Page speed is one of the most important optimization targets of web-developers nowadays. Where users accessing websites with all kinds of devices and connections, a fast loading page means better user experience, higher conversion rates and last but not least higher search engine rankings.

With Page Speed Insights, Google offers a service both for getting a comparable page speed measure and improving it. The requirements for a very good rating are hard, but with a mix of knowledge and experience mostly implementable.

critical CSS differs with the content of your page and which device you are reading the page with.

There is one requirement, though, that I’ve always had a hard time to fix: “Eliminating render blocking CSS”. It’s fixable, though. You just have to extract the CSS rules important for your above the fold content from your CSS, inline it in a style-tag in the header and load the rest of the CSS in the footer. There is even an automatic solution to extract the critical path CSS.

The problem is that the critical CSS (the layouts for what you see first on your screen), differs with the content of your page and which device you are reading the page with. The critical CSS for a mobile device might be completely different from the one for a desktop device. It might even differ from page to page. Critical path CSS for a page with a big header image might be completely different from one without.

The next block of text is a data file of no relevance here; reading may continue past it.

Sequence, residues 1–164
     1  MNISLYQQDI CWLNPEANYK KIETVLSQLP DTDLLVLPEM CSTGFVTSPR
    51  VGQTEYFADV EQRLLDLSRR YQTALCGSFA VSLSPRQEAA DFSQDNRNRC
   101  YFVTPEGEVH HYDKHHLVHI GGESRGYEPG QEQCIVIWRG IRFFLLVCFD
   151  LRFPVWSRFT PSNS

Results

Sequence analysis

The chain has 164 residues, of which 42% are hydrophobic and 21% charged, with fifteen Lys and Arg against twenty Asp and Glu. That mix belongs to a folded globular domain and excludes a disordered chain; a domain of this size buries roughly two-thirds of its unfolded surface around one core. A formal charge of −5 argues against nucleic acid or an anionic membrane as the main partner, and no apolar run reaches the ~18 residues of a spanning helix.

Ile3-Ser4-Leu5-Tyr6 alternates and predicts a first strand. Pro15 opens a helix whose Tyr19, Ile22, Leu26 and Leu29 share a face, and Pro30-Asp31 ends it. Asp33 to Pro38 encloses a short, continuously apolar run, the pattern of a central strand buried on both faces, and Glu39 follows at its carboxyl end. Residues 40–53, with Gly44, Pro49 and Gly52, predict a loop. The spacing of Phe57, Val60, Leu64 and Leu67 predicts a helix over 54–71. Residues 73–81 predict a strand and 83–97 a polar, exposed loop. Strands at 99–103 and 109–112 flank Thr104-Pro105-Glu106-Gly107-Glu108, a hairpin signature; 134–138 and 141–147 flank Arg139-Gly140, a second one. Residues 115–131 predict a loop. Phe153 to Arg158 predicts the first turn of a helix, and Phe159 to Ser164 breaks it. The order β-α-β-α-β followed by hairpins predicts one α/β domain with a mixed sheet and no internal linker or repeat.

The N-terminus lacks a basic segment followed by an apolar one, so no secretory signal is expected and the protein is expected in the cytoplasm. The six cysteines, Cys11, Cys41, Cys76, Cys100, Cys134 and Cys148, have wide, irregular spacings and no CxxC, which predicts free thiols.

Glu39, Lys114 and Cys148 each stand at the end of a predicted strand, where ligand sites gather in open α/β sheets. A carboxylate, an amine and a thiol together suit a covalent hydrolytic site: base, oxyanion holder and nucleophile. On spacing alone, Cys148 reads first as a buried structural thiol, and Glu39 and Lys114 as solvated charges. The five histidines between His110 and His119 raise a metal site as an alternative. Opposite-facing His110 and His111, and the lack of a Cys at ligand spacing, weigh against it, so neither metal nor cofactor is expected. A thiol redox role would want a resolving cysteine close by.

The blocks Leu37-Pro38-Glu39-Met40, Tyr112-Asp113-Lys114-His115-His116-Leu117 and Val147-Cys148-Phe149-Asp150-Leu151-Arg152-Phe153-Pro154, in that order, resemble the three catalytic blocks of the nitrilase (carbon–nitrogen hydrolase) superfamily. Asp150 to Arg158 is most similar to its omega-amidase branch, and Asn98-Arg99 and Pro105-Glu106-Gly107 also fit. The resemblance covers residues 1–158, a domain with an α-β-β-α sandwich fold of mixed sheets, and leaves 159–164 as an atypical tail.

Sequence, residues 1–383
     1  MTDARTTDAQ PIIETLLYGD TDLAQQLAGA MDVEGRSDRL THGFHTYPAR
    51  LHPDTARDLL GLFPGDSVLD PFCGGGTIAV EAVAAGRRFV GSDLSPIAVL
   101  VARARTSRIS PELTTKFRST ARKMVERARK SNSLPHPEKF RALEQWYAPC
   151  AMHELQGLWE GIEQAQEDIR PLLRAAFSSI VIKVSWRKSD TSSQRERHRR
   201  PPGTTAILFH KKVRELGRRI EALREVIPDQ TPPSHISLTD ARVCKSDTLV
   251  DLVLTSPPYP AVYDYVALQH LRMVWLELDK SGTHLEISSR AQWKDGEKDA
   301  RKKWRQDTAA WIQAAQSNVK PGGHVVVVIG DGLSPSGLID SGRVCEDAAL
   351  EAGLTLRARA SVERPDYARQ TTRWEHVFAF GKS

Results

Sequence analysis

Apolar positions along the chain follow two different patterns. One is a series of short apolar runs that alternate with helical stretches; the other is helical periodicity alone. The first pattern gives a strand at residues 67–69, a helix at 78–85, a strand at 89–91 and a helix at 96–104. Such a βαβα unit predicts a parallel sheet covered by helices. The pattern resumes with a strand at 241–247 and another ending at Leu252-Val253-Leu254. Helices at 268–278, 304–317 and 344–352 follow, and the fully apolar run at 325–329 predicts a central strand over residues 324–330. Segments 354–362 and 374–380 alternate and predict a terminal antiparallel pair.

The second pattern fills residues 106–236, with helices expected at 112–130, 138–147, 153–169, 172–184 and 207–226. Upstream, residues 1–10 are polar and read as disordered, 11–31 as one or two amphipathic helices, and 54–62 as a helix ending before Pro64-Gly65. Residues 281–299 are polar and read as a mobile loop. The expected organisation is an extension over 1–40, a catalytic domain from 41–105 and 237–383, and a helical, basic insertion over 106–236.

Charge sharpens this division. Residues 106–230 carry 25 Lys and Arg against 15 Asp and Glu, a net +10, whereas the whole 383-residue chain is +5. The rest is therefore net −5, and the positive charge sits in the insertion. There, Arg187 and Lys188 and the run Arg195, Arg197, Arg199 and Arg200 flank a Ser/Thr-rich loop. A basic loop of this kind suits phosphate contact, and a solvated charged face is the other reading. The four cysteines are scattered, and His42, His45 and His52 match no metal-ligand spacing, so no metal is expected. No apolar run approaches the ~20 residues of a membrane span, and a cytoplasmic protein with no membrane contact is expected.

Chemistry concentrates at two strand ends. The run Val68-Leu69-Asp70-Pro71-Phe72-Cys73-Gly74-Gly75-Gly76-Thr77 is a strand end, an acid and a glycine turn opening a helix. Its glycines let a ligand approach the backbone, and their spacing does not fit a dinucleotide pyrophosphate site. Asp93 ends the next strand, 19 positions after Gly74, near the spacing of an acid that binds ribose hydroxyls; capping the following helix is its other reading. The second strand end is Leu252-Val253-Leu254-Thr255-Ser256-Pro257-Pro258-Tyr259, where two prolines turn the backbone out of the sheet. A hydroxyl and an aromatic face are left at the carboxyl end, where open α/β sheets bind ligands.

you have to create above the fold CSS for every page and at least for mobile and desktop sizes

To solve these problems, you have to create above the fold CSS for every page and at least for mobile and desktop sizes and load it according to the target device. On top of that, you have to regenerate as soon the content of the page changes. That is nearly impossible to solve when you build the site, even with one of those lovely taskmanagers.  You could do it manually, but depending on the sites update frequency, that could be hours of work every month, week or day.

eliminate render blocking CSS as a service

Another possibility is to generate the critical path CSS automatically and on demand. I’ve been working on a service, which is doing exactly that, the last couple of weeks. And today we could gladly launch our first preview of eliminate-render-blocking-css.com. It’s build on the incredible critical CSS generator by Addy Osmany and will provide an API to extract precisely the above the fold CSS you need. To easily integrate it into your CMS we are working on plugins for WordPress, Drupal and Joomla, which will be published soon.

If this sounds interesting, take a look and register your e-mail address to stay updated!

In one of my bigger projects, we are using Redis with Node.js, as a buffer for large sets of monitoring data.

When we deployed that from a test-case, with just one data-sending instance to about 150 instances, Redis run out of Memory quite fast. Dependent on versions, operating system and some other things, that leads to either a crash of the Redis node or a significant performance decrease.

Redis with Node.js, when zipping is appropriate

Important to know is that Redis limit for storing data is it’s servers memory limit. Basically that’s what’s making Redis so fast. That’s what the Redis FAQ tells us:

Redis is an in-memory but persistent on disk database, so it represents a different trade off where very high write and read speed is achieved with the limitation of data sets that can’t be larger than memory. (Source Redis FAQ)